6. 6. Causes - Dopamine Hypothesis • Genetic aspect • Most think it involves dopamine: – Elevation of D2 monomers, decrease of dimers – Increased release of dopamine • 2x higher • When given amphetamine, 2x more dopamine is released than control
  7. 7. Other Hypotheses • Dopamine hypothesis not agreed on by everyone • Some think excitatory amino acids like glutamate could play a role – One type of glutamate receptor, NMDA: NMDA antagonists (ex ketamine) can induce psychotic symptoms in non-schizophrenic patients – Found increase of NMDA receptors in postmortem studies of schizophrenic brains
  8. 8. Types of Drug Treatment 1. Typical Antipsychotics • Dopamine antagonists 2. Atypical Antipsychotics • 5-hydroxytryptamine effect, also effect dopamine 3. Combination Drugs
  9. 9. Typical • Tend to produce Extrapyramidal side effects: – Parkinsonism – tremors, rigidity, slowness of movement, temporary paralysis – Dystonia – involuntary muscle contractions – Akathisia – inability to resist urge to move – Tardive dyskinesia – involuntary movements of the mouth, lips, and tongue • Chewing, puckering, grimacing, etc.
  10. 10. Typical - Phenothiazines • Dopamine D2 receptor antagonists • Chlorpromazine first developed from promethazine, first tricyclic antihistamine Promethazine Chlorpromazine Trifluoperazine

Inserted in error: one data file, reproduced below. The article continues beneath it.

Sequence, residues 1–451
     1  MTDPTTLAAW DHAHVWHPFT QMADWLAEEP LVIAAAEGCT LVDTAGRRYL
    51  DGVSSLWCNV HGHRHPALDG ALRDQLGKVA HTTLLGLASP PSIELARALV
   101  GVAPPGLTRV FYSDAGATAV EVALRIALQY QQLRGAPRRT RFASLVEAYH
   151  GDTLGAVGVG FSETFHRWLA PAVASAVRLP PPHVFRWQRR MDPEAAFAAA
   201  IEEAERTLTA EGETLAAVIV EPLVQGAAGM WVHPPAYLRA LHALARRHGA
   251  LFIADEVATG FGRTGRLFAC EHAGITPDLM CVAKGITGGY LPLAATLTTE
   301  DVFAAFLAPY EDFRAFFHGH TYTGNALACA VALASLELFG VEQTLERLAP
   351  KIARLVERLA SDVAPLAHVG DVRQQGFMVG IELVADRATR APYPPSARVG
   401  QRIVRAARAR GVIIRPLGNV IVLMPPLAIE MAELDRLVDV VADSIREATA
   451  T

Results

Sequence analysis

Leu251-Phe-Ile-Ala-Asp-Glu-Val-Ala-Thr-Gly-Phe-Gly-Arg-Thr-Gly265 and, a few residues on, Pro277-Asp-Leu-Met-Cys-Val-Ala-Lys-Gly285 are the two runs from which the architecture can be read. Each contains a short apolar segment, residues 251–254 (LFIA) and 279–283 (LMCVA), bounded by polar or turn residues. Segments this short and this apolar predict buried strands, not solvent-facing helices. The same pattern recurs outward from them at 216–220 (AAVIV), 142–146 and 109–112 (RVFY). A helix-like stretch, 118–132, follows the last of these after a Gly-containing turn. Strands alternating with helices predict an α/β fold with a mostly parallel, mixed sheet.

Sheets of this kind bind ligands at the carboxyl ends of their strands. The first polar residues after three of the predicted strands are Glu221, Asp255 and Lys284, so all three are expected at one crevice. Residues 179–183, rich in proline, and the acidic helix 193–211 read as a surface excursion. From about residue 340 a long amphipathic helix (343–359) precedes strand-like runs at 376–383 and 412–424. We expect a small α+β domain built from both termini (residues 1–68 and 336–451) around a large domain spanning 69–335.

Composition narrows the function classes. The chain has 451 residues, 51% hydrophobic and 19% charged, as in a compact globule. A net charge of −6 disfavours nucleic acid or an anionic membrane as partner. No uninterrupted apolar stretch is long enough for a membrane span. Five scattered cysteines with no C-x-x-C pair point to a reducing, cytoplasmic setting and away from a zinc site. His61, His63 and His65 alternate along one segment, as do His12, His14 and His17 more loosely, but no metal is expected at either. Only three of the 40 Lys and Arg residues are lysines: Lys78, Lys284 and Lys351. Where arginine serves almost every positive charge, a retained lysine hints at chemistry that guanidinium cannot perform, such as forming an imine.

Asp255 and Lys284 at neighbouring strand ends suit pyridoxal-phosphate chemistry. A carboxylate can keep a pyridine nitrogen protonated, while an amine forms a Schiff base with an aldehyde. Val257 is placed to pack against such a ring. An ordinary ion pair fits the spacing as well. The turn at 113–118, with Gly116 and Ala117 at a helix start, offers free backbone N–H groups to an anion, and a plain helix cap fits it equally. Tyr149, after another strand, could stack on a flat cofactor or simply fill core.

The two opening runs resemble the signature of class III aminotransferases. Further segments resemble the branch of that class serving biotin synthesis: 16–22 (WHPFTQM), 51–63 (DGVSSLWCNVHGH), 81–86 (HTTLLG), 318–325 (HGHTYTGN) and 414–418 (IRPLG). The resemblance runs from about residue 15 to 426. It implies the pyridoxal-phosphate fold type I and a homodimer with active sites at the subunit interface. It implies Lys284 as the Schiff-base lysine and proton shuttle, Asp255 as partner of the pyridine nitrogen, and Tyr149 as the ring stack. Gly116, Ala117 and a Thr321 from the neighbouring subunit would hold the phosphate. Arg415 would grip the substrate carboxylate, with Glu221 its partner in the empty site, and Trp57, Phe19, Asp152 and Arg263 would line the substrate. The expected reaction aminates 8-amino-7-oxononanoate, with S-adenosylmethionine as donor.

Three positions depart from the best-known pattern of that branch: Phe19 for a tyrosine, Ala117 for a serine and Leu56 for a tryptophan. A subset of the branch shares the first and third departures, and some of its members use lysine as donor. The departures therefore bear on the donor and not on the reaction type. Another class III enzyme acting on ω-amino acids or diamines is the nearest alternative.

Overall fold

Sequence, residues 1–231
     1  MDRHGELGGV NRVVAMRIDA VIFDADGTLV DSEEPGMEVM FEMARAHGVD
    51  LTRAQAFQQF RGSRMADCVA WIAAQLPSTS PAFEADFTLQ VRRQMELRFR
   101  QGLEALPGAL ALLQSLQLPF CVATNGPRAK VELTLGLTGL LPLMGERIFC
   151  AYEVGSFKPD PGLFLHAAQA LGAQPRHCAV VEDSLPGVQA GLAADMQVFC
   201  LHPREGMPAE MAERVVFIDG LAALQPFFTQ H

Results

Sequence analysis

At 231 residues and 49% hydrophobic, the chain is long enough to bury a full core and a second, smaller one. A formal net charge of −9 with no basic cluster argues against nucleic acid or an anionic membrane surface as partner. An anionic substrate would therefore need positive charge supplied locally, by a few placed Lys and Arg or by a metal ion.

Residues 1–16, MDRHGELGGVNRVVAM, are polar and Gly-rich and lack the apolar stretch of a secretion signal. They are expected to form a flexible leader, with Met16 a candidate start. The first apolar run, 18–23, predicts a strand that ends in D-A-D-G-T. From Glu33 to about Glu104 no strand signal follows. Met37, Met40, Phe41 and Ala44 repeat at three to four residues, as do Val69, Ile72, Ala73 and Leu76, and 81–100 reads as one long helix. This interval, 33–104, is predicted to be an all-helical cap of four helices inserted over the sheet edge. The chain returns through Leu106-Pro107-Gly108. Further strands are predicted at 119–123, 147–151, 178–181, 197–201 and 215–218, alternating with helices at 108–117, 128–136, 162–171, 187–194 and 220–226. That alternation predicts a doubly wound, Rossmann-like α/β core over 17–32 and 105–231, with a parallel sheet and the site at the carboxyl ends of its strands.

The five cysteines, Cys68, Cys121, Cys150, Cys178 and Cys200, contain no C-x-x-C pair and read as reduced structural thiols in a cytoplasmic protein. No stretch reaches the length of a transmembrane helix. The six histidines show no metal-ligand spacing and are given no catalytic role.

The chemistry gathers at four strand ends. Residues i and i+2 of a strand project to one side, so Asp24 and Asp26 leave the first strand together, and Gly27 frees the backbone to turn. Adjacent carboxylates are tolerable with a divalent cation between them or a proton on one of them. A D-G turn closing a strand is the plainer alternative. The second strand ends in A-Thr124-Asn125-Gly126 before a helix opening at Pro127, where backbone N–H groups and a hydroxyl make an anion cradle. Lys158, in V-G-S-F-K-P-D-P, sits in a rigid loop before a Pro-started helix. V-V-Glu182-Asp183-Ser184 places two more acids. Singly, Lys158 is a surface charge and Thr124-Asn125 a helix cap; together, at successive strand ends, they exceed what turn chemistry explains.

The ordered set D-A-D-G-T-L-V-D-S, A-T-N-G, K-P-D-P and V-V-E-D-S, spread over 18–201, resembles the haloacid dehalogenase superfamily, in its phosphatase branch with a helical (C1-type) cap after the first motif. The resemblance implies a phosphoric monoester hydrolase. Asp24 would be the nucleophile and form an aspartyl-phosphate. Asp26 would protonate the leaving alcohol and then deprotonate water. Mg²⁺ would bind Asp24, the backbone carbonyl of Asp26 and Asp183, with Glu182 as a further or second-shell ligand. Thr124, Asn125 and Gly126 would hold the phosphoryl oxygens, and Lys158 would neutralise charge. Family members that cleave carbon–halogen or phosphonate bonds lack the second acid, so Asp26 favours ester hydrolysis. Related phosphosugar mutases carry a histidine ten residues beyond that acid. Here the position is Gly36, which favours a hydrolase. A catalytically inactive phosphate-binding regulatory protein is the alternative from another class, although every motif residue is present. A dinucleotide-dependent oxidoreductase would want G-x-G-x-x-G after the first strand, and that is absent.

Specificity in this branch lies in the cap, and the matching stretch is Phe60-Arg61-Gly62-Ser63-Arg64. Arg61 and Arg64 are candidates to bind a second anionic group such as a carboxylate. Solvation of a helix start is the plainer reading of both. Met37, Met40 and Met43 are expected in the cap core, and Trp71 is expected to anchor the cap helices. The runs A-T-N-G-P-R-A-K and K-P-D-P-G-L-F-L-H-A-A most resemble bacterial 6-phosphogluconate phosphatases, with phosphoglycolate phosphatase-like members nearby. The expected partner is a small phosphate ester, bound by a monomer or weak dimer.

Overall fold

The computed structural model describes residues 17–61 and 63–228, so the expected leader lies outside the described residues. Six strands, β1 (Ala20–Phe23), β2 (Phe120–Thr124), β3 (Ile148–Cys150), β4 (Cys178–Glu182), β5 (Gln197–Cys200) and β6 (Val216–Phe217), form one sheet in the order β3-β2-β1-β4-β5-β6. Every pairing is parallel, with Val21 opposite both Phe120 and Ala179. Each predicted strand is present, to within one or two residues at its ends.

11. 11. Haloperidol • Butyrophenone • Used in 1970s almost exclusively • No anticholinergic effects – therefore used in patients with delirium
  12. 12. Atypicals • Atypicals do not induce EPSE • Block D2 receptors and 5-HT seratonin receptors (decreases EPSE) • As opposed to typicals, these are more loosely bound to D2 receptors – Easier dissociation – Shown that higher occupation of D2 receptors by drug, higher incidence of EPSE
  13. 13. 5-HT seratonin receptors • Blocking 5-HT seratonin receptors decreases negative symptoms and EPSE – Mechanism is unknown – Seratonin inhibits dopamine release – Positive symptoms associated with hyperdopaminergic condition in limbic lobe – more D2 receptors here, so D2 blocking prevails – Negative symptoms associated with hypodopaminergic condition in frontal lobe – more 5- HT receptors here, so seratonin inhibits dopamine release – stabilizes dopamine level
  14. 14. Clozapine • First atypical (1990) • Most dangerous atypical: risk of agranulocytosis (severe decrease in WBC count) • Most effective in reducing EPSE, also in reducing negative symptoms – Increases Fos-positive neurons in the prefrontal cortex (shown to affect negative symptoms)
  15. 15. Risperidone • Low doses needed • Predominantly blocks D2, then 5-HT – Does not exhibit multireceptor action • Lacks anticholinergic activity – makes it better for youth, elderly • Problem – increases prolactin levels (shouldn’t give to people with breast cancer)
  16. 16. Olanzapine • Zyprexa is number one antipsychotic in sales (Eli Lilly) • Exhibits multireceptor action • Good for controlling mood symptoms • Available in a wafer • Problems: Sedation and weight gain
  17. 17. Combinations • Example is Symbyax – Combination of olanzapine and fluoxetine (Prozac) – Can also treat bipolar disorder • Combination of ziprasidone and clozapine – Can be used to combat treatment resistance • Combination of aripriprazole and clozapine